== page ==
|The fight for equal pay, gender parity heats up|
|Gender activists and other advocates battle to close the gap|
|Published Sunday, April 14, 2019|
Despite the United States touting itself as the bastion of freedom and equality, women in this country – despite comprising 50.8 percent of the population – have always found themselves in the position of having to fight for salary and wages comparable to men.
A range of studies show some progress, but stubborn racial and gender wage gaps persist in the U.S. Often, researchers point to disparities in education, the fact that many African American women and other women of color are clustered at the lower end of the pay scale, and that the minimum wage hasn’t been increased since 2007 as factors contributing to the wage gap. But what’s often downplayed or ignored is the racism and sexism that’s also at play.
Black women sit at the nexus of race and gender, and are buffeted by the twin specters of these “isms,” and struggle upstream against a current of prejudice and bias which is compounded by gender and race.
Dr. Avis Jones-DeWeever said that over their lifetimes, black women stand to lose between $800,000 and $1 million because of these disparities. “While the gender pay gap is an issue for all women, it is an especially wicked problem for black women,” said Jones-DeWeever, a women’s empowerment expert, international speaker and diversity consultant. “Black women are already economically disadvantaged and face double discrimination within the workforce. The additional burden of a 38 percent pay gap exacerbates the black wealth gap in America. It’s such an engrained problem.”
According to the National Partnership for Women and Families (NPWF), median wages for black women in the U.S. are $36,227 per year, compared to median wages of $57,925 annually for white, non-Hispanic men. In that same report, the NPWF also highlighted that if the wage gap were eliminated, a black woman working full time, year-round would have enough money for:
- Two-and-a-half years of child care
- Nearly 2.5 additional years of tuition and fees for a four-year public university or the full cost of tuition and fees for a two-year community college
- 159 more weeks of food for her family (three years’ worth)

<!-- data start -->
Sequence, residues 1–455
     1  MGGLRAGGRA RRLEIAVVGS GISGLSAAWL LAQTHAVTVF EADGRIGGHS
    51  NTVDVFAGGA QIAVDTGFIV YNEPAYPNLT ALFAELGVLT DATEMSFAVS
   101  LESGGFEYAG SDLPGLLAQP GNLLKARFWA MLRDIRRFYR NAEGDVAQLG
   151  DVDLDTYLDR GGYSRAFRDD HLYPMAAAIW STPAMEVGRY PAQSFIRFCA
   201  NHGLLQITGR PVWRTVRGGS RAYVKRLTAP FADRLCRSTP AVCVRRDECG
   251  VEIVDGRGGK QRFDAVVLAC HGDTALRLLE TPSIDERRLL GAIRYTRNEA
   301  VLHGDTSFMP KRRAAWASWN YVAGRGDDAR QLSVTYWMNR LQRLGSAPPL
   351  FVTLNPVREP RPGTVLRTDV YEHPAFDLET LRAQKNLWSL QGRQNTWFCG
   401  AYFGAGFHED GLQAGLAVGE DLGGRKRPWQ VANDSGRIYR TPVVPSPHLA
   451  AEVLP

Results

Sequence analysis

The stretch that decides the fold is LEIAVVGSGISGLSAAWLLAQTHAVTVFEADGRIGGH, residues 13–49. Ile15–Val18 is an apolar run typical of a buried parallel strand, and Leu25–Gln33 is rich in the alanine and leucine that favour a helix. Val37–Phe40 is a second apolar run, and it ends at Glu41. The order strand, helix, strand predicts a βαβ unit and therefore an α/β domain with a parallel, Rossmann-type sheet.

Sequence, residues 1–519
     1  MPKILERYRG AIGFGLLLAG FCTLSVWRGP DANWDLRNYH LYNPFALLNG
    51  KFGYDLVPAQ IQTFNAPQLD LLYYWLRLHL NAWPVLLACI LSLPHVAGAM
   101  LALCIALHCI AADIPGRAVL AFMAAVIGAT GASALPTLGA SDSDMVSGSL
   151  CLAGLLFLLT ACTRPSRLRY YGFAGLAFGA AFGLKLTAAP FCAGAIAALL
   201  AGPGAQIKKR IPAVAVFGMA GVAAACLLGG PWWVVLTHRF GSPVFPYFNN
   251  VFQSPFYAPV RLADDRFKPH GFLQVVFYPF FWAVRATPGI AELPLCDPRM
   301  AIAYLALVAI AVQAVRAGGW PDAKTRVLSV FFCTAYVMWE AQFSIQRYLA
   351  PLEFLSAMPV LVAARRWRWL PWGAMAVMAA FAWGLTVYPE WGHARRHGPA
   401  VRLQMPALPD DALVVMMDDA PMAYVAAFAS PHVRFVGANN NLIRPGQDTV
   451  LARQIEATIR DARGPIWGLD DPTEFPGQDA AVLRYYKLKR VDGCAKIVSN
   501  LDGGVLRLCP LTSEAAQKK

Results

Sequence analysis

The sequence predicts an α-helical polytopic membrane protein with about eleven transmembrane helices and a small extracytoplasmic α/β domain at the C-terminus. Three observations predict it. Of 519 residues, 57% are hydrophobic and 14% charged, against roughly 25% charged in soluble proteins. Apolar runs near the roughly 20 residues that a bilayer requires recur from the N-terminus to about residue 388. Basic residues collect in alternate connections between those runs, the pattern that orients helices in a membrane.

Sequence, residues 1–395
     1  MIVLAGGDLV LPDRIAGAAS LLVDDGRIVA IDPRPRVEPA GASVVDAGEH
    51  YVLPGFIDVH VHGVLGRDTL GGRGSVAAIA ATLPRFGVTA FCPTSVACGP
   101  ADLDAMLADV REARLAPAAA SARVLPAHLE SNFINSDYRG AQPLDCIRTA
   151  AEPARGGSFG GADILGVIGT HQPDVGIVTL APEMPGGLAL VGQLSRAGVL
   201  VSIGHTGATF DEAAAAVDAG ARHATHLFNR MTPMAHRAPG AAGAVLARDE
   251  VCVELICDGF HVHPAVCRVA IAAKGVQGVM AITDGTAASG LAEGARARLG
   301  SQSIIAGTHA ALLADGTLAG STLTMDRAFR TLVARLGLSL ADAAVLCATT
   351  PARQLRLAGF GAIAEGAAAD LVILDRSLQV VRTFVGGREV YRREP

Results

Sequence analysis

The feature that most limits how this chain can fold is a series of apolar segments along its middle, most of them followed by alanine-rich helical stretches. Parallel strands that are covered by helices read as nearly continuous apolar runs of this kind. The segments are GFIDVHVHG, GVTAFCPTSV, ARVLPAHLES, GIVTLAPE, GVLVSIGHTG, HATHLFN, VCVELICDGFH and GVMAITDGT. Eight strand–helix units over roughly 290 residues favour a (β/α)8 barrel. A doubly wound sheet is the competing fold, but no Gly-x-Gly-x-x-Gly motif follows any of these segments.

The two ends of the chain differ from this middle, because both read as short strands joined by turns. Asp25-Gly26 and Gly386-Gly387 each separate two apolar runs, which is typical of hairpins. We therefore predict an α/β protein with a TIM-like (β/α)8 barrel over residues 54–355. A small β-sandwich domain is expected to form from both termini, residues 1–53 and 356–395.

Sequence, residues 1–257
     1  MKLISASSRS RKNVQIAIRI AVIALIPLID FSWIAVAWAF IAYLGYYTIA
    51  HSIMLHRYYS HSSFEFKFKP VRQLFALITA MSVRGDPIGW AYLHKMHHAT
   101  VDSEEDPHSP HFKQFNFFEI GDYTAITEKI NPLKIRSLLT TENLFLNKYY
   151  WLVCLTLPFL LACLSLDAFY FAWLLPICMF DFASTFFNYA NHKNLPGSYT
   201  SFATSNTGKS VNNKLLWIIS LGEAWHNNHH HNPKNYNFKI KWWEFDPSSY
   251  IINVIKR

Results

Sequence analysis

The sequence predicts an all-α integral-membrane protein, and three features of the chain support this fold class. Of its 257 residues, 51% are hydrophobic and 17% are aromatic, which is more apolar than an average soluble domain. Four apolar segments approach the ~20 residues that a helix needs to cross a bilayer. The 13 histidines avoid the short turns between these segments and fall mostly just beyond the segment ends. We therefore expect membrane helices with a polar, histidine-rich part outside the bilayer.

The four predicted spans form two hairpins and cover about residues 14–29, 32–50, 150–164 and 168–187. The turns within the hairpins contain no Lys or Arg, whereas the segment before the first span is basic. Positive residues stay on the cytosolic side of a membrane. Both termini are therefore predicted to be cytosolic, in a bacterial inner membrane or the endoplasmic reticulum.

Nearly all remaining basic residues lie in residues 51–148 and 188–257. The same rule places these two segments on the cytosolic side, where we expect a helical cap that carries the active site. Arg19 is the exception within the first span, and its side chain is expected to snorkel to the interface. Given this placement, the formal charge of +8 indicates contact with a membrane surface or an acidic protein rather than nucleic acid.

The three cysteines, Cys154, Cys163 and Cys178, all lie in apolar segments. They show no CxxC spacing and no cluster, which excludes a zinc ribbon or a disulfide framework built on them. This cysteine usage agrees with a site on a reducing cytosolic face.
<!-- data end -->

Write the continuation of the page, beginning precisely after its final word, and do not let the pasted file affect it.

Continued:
- More than 14 additional months of mortgage and utilities payments
- 22 more months of rent.
The National Women’s Law Center reports that women of every race are paid less than men, at all education levels – and it only gets worse as women’s careers progress. Studies by gender specialists, academics and women’s activists have statistics showing that the occupations black women have does not explain away their wage gap, the NWLC said.
- Black women working as physicians and surgeons — a traditionally male, high-wage occupation — make 54 cents for every dollar paid to white, non-Hispanic men working in the same field.
- Black women working as customer service representatives — a mid-wage, female-dominated occupation — make 75 cents for every dollar paid to white, non-Hispanic men in the same field.
- Black women working as construction laborers — a traditionally male, mid-wage occupation — make 81 cents for every dollar paid to white, non-Hispanic men.
- Black women working as personal care aides — a heavily female, low wage occupation —make 87 cents for every dollar paid to white, non-Hispanic men.
In addition, black women experience a wage gap even in occupations where they are over-represented. More than 2 in 5 African American women (44.8 percent) are employed in one of 10 occupations. In every one of those occupations, they are typically paid less than white, non-Hispanic men.
Some solutions, NWLC experts say, include strengthening America’s pay discrimination laws, pushing harder to get Congress to pass the Paycheck Fairness Act, The Pregnant Workers Fairness Act, the Family Act and the Schedules That Work Act – all of which would address the discrimination women face when they’re pregnant or caregiving, and support those who need paid leave, predictable work schedules, and stability for themselves and their families.
Dalana A. Brand, vice president of Global Total Rewards at Electronic Arts, Inc., contends that black women can’t afford to wait, arguing in an opinion piece last year for Blavity, an internet media company, that in the midst of the flurry of publicity, tweets, posts, hashtags and calls for change, one important element is missing.
“What often gets left out of that discussion is that the hallmark day in April does not apply to black women and other women of color,” she said. “… So, while white women caught up on April 10, black women must wait for over half the year to pass before our wages catch up to what men made a year ago.”
Brand, a highly-sought after salary strategist and career transformation coach, said black women are paid 38 percent less than white men and 21 percent less than white women but “the sad fact is that most people are either unaware or don’t care about the appalling disparity black women face with respect pay equity.”
Much like the feminist movement, black women are being largely ignored by the equal pay movement,” she added.
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